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      "But we had our men there next day," said Riever. "And the canoe was not found. No, somebody must be hiding him."

      Softly closing the big door behind her, Pen sped over the weedy drive. The main gate to the grounds was in the side fence near the edge of the bank. Half of it hung askew on one hinge and the other half lay rotting on the earth. Outside the gate there was a grassy road which made a right-angled turn there. In one direction it ran back between the fields and on up the Neck; in the other it went straight ahead along the edge of the bank and presently descended to the old steamboat wharf on the property. So swift had Pen been that her father was still in sight, his lantern jogging agitatedly down the road in front of her. He always carried a lantern irrespective of the moon. She slackened her pace.

      "Not in the least."Don was electrified. "What!" he cried. "The devil you say! ... Riever has come out against me! ... By God, that's funny!"

      The edge of the beach was bordered with the brittle woody bushes that the natives call water-weed. Pen and Don had paused in their pacing, and were standing looking into each other's faces with their clasped hands between them. Suddenly from behind a clump of bushes immediately alongside them rose the figure of a man. He was silhouetted against the moon with a significant raised arm.


      She shook her head. He explained the mechanism.James Wolfe was in his thirty-third year. His father was an officer of distinction, Major-General Edward Wolfe, and he himself, a delicate and sensitive child, but an impetuous and somewhat headstrong youth, had served the King since the age of fifteen. From childhood he had dreamed of the army and the wars. At sixteen he was in Flanders, adjutant of his regiment, discharging the 185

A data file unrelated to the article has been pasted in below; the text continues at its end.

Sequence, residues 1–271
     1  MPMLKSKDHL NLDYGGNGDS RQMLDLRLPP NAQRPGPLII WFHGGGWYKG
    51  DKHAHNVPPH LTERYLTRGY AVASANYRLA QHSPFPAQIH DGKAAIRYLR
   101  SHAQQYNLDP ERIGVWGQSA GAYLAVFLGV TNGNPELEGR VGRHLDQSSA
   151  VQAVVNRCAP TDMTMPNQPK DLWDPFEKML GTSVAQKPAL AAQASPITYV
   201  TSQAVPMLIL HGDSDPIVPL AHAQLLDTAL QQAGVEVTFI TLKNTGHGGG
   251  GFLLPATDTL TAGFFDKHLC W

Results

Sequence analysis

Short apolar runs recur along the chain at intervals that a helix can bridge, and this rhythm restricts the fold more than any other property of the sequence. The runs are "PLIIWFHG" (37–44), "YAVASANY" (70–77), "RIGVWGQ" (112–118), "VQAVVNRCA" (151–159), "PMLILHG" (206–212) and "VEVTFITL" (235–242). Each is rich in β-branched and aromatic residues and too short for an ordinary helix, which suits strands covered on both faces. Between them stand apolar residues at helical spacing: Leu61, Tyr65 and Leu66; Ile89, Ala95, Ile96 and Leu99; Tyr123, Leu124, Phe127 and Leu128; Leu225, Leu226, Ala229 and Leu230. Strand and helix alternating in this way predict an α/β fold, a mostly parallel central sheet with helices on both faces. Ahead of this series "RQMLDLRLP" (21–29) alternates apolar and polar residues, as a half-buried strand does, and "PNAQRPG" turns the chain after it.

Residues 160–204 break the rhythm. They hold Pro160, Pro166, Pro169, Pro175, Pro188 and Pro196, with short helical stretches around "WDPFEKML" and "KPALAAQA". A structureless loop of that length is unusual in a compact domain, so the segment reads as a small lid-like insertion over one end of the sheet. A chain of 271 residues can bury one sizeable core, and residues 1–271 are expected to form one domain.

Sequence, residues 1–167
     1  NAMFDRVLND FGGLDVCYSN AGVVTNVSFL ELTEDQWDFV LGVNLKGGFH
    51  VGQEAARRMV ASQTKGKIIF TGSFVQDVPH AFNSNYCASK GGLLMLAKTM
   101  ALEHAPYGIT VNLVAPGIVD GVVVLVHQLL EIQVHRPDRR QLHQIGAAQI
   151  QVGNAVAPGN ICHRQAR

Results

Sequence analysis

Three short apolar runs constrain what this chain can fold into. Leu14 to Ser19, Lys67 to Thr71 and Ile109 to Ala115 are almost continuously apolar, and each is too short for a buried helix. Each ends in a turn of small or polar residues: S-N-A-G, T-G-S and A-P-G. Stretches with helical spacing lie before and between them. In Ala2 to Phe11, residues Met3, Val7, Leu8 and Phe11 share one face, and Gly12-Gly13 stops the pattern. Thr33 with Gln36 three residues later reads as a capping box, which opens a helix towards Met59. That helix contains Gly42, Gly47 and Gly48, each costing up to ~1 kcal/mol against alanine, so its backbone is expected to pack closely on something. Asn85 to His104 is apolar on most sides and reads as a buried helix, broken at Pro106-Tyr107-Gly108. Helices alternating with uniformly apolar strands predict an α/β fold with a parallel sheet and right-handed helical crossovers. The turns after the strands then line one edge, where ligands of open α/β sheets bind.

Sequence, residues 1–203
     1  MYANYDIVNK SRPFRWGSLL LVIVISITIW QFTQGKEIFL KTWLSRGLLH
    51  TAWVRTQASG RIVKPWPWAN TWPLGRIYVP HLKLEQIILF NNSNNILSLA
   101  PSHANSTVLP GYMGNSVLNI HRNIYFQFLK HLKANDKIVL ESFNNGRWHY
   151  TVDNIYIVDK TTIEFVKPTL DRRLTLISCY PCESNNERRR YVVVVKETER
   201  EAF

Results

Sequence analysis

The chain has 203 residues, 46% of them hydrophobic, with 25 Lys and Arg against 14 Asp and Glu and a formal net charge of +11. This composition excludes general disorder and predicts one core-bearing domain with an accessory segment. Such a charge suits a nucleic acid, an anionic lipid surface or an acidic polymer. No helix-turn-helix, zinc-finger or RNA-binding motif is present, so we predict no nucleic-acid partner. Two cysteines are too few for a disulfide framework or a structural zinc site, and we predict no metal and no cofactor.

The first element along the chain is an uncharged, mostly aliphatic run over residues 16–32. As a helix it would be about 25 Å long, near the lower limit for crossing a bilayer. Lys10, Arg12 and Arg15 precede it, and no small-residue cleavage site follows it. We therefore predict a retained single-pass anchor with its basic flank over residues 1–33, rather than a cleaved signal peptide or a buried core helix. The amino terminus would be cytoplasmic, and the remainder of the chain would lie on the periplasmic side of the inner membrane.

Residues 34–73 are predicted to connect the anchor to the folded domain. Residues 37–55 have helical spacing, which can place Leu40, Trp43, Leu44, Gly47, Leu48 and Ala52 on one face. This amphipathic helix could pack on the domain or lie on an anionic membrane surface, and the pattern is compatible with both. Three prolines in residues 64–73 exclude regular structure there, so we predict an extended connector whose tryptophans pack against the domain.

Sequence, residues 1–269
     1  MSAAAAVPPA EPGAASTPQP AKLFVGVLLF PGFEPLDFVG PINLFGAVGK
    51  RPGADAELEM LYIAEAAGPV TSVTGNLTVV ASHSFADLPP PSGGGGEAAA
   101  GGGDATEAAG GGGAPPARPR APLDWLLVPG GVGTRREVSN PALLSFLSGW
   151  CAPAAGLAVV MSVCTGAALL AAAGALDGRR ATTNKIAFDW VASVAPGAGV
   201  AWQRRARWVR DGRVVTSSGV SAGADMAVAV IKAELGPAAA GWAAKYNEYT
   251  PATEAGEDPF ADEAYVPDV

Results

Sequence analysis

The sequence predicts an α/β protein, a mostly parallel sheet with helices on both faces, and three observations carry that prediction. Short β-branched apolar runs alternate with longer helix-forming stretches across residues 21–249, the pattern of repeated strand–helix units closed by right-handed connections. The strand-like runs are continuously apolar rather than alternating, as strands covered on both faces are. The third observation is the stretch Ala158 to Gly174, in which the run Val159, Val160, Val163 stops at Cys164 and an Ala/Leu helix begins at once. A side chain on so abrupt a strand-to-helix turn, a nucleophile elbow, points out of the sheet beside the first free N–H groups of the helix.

The grenadiers and the Royal Americans, who had borne the brunt of the fray, bore also nearly all the loss; which, in proportion to their numbers, was enormous. Knox reports it at four hundred and forty-three, killed, wounded, and missing, including one colonel, eight captains, twenty-one lieutenants, and three ensigns.


      The day broke in clouds and threatening rain. Wolfe's battalions were drawn up along the crest of the heights. No enemy was in sight, though a body of Canadians had sallied from the town and moved along the strand towards the landing-place, whence they were quickly driven back. He had achieved the most critical part of his enterprise; yet the success that he coveted placed him in imminent danger. On one side was the garrison of Quebec and the army of Beauport, and Bougainville was on the other. Wolfe's alternative was 289